When Action Comics No. 1 hit newsstands in June of 1938 and readers met Krypton’s number-one-son Superman, it was a big-bang event that kicked off what would become the Great American Superhero Obsession. Naturally, the movies wanted in on this craze as well. Thus, a few years later, serials like The Adventures of Captain Marvel (1941), Batman (1943) and Captain America (1944) became matinee staples; even the Man of Steel would get his own 15-part adventure in 1948. Later, these comic-book characters would get co-opted by this newfangled invention called “television,” and you could tune in watch George Reeves move faster than a speeding bullet, Adam West and Burt Ward zap-blam-pow their way through a who’s-who of Bat-villains and Bill Bixby go from mild-mannered drifter to a raging green hulk. Don’t even get us started on Saturday morning cartoons.
By the time superheroes started making their way back to the big screen in the late 1970s and the 1980s, these defenders of truth and justice had become universally recognized icons — you didn’t have to be a comic-book reader to know what that black-and-yellow bat insignia meant, or understand that a red mask with white eyes and a web design equaled your friendly neighborhood Spider-Man. And when the one-two punch of the first X-Men movie and Sam Raimi’s first Spider-Man hit theaters within a few years of each other, the stage was set for the first part of the 21st century to give birth to what’s now a Golden Age of Superhero Movies.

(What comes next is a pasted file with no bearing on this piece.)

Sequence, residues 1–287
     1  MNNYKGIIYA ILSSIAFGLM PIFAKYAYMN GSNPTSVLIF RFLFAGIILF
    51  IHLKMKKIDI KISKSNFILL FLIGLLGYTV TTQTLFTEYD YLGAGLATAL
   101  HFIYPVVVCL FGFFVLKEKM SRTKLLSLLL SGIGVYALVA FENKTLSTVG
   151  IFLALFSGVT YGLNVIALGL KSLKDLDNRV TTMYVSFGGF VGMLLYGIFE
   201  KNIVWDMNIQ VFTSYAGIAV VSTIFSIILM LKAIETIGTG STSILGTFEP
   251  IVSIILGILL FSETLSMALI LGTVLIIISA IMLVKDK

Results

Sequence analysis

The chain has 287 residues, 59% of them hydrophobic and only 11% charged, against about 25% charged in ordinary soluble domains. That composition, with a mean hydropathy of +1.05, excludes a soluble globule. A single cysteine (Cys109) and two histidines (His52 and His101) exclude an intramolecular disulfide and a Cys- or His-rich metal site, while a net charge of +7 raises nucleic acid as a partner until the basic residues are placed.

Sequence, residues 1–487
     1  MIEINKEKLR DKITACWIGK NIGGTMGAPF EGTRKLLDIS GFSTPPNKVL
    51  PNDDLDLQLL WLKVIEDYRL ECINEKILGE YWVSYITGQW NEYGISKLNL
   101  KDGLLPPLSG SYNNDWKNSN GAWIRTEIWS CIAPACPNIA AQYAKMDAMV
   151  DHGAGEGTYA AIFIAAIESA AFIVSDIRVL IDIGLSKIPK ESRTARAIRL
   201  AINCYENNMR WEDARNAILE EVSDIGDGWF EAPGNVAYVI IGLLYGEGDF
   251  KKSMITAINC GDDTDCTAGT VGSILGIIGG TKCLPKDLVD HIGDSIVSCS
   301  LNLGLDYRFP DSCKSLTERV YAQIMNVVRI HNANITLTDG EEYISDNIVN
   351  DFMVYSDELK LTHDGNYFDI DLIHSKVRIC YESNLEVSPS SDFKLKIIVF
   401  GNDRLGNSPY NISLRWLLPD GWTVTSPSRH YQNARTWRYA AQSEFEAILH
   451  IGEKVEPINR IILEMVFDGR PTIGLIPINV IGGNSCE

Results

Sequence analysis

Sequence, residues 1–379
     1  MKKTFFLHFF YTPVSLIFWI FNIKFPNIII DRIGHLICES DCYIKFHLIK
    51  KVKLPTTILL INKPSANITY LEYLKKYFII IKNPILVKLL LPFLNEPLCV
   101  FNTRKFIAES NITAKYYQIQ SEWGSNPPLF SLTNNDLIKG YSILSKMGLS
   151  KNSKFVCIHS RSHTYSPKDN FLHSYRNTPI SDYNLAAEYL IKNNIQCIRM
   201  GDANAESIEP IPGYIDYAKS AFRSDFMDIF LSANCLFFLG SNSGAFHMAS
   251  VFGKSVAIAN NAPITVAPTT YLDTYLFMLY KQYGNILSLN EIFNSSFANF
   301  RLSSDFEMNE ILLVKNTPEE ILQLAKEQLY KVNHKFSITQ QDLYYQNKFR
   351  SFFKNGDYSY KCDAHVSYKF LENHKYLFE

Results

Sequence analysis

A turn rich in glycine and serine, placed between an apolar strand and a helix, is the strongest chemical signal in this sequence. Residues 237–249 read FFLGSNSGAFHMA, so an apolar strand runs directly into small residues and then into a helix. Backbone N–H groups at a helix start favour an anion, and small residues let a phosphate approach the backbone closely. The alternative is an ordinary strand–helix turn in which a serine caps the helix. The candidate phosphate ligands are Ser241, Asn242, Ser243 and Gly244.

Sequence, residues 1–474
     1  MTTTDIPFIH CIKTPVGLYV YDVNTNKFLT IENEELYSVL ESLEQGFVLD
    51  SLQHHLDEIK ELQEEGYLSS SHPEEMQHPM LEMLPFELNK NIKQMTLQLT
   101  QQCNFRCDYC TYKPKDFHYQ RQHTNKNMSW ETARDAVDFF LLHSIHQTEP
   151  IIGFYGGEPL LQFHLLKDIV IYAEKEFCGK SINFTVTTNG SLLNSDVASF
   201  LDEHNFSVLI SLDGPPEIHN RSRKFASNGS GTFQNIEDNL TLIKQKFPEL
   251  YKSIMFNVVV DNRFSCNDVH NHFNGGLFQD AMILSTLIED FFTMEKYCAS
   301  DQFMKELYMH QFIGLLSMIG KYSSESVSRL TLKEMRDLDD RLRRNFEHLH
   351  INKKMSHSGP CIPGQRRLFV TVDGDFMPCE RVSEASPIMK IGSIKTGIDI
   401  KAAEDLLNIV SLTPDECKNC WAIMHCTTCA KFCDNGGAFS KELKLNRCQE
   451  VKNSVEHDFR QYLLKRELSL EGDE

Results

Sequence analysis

So, after having navigated several cinematic universes and traveled through a host of multiverses, fought infinity wars and played endgames, rode shotgun with webslingers and prowled alongside dark knights and hung with so many supergroups that we’ve practically become charter members, we’ve ranked the top 50 superhero movies of all time. From the campy to the grimdark, the late nights in Gotham City to the sunrises in Wakanda, these are the films that both define the genre and have helped turn the thrill of watching comic-book characters leap on to the screen into a multiplex lingua franca.
Source: Read Full Article